The race for the next revolutionary input design is an ongoing event. [Clayton Miller’s] newest offering in the contest is a multitouch concept that separates the display from the screen and is meant to utilize all fingers. His video explanation includes a description of the physical input device, a software implementation, and a demonstration of how a finished system will work. After the break we’ll look at the hardware, the software, and the concept video.
The implementation is pretty simple. A pressure sensitive and proximity sensitive pad is used as the interface. The hardware can tell when your fingers are resting on it and when there are pressure increases for “clicking” inputs. This is basically a very large laptop touch-pad that can also sense pressure. This removes the issue of hands obstructing the screen that you encounter with multi-touch displays.
[Clayton] goes further with his design. He’s come up with a Graphic User Interface concept that should be incredibly simple to implement. The example is a Linux-based system that modifies how, where, and when menus and windows are used. The multi-touch pad has zones to the left and right edges that control the menu system. A single finger acts in the same way a mouse cursor does. Two fingers work for click-and-drag as well as pinch zooming. Three fingers do the same for different windows.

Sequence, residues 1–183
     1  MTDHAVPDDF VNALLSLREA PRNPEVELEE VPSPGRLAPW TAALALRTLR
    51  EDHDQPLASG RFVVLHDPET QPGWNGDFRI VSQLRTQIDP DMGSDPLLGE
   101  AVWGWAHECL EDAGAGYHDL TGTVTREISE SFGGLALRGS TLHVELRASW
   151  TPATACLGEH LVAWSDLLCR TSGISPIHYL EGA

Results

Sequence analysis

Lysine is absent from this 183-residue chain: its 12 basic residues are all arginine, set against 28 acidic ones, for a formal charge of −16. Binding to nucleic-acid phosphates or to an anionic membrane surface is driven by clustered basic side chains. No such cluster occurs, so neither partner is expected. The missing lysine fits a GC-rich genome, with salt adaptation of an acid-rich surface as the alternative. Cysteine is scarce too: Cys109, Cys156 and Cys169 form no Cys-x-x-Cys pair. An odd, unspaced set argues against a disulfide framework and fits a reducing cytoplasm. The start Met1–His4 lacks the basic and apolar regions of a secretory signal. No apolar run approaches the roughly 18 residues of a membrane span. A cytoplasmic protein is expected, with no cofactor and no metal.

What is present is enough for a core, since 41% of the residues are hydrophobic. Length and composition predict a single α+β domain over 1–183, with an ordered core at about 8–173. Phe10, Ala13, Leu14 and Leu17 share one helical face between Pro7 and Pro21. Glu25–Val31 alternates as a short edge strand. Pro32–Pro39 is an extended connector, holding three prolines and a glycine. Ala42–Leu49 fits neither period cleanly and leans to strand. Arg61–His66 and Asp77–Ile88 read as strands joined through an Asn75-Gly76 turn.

The video is well made and the concept seems like it could be right around the corner. Possible caveats to widespread adoption include the learning curve for a transition from a mouse to this, as well as the dexterity necessary to use it well. We’d like to get our hands on one, and would be interested in working with something similar to the BumpTop to manage data and organize our digital storage in a more physical way.